If you’re looking for work, there are a few things that potential employers might do that should make you suspicious. It might be a scam if:

  • The job you’re applying for offers huge payments with no experience necessary, or large payments for very little time spent working
  • The potential employer asks you to wire money to them for supplies, training materials, or other start-up costs
  • The potential employer asks you for sensitive information related to your identity (social security number, etc) or your finances (bank account routing numbers, etc)
  • The company’s website looks strange or does not function properly
  • The job you’re applying for requires you to process emails, money orders or checks in a way that seems suspicious (some will send you a large check, asking that you take some of the money as payment and send the rest back to them – the check is counterfeit. By the time your bank notifies you of the fake check, you’re out money and responsible to your banking institution for the false check)
  • The job does not require a face-to-face interview
  • The person that contacts you about the position seems nervous, overly aggressive, gets confrontational when asked questions, or seems hesitant to answer questions
  • You are approached to apply for a position that you did not seek out

Some of the most prevalent scams of this nature include the offer of a “secret shopper” position, mailing positions, and information or email processing jobs. If you suspect that a company or employment opportunity might be a scam, do some research about the company. It may be as easy as entering the name of the company into the Google search engine and finding them featured on Rip Off Report to determine that the company is trying to steal your money or identity. You can also call the Better Business Bureau or visit their website to check on the legitimacy of a company or to report a potential scam.

There are, however, a few resources that offer real opportunities to work from home, including Flexjobs.com and workathomemomrevolution.com. Happy job hunting!

Sources:

http://www.fbi.gov/news/stories/2009/april/workathome_041709

http://www.bbb.org/scam-stopper/ts-employment-scams.php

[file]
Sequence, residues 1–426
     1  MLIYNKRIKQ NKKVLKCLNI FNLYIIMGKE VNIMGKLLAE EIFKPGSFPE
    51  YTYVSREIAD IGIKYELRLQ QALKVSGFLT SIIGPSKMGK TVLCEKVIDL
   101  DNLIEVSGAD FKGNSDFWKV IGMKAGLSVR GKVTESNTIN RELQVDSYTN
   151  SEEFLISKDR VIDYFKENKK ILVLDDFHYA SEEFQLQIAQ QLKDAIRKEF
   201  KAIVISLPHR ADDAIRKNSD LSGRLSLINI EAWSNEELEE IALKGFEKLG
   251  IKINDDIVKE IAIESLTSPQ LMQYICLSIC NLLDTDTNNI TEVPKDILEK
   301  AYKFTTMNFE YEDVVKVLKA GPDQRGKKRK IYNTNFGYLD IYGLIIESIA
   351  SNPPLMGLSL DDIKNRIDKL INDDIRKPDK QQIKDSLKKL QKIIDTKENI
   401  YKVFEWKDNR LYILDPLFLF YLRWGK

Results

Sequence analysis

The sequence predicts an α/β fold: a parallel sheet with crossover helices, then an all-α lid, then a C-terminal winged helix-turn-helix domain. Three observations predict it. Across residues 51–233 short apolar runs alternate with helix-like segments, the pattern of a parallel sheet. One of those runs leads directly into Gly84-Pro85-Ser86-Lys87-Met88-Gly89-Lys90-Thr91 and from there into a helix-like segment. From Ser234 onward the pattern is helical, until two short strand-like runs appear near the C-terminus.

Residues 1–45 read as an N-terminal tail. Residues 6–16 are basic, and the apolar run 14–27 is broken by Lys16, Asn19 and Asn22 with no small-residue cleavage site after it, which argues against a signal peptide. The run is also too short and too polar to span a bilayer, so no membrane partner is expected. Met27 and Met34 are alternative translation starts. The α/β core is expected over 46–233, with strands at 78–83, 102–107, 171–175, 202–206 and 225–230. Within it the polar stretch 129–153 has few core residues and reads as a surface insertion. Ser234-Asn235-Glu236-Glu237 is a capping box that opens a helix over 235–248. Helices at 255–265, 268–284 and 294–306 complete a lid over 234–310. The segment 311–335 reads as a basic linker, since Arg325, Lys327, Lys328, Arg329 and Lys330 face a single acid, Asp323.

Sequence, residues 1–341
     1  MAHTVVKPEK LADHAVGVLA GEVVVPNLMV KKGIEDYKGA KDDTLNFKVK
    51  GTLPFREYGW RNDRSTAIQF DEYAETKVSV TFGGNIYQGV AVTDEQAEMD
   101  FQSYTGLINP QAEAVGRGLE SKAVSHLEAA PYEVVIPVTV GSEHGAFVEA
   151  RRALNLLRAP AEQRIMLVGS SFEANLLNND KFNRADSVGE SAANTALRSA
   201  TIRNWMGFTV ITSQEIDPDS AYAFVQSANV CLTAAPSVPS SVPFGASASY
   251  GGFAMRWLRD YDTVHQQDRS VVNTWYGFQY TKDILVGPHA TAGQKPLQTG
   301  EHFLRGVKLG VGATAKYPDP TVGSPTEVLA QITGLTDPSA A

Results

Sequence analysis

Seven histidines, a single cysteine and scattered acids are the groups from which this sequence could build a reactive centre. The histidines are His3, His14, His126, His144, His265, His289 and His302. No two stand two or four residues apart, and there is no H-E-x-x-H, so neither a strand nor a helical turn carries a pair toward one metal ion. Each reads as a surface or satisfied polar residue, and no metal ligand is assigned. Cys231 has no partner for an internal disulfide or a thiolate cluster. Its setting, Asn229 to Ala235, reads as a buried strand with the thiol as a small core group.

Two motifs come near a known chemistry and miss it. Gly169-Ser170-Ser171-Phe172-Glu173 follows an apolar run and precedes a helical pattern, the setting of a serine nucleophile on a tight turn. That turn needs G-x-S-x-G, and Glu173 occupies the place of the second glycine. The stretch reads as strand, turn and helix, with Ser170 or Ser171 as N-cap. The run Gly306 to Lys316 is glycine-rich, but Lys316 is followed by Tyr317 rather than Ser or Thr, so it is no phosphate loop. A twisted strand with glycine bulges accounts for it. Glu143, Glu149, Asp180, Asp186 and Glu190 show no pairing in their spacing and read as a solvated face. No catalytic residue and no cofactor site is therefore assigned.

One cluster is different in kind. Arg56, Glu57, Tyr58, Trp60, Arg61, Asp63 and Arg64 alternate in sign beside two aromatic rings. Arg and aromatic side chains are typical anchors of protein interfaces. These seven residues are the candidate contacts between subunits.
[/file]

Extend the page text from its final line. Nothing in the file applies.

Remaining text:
What’s in Your Email and What Should You Do with It? Four Favorite Schemes

download-key-logger-programIt seems that not a week goes by without having to check my spam mailbox as it fills with ever more increasing frequency.  When they said “spam” and phishing schemes where on the rise they really meant, on the rise!  I thought I would share with you my five favorites this week that you should be on the look out for.  One or two  have already hit some friends  and I wouldn’t want them to happen to you.

You Got Mail!

This phishing email message is sent allegedly from FEDEX or UPS.  You have a very important package that they tried to deliver but couldn’t.  If you could just take a minute to provide this information your VIP package will be on it’s way.   This one quite often asks for information, payment of an invoice (requiring me to open an attachment) and will include a subject like like this one,  “UPS Delivery Notification Tracking Number:EVKDBQXRTKRXN4CTMI.”

UPS offers more information on these fake emails as does FEDEX .

Report these types of messages to UPS at fraud@ups.com and to FEDEX at abuse@fedex.com

You Have WON!

So far this week I have won from a lottery that I never entered (scratch offs are about as far as I go) as well as won money from a casino I never heard of, let along gambled at.   Even the FBI got in on the act, telling me that I won $1 million!  This, of course, is different from the email I received last week where the FBI (who I’m quite sure already has quite a bit of information on me) attempted to phish for some more.

You have been Blessed!  Continue reading What’s in Your Email and What Should You Do with It? Four Favorite Schemes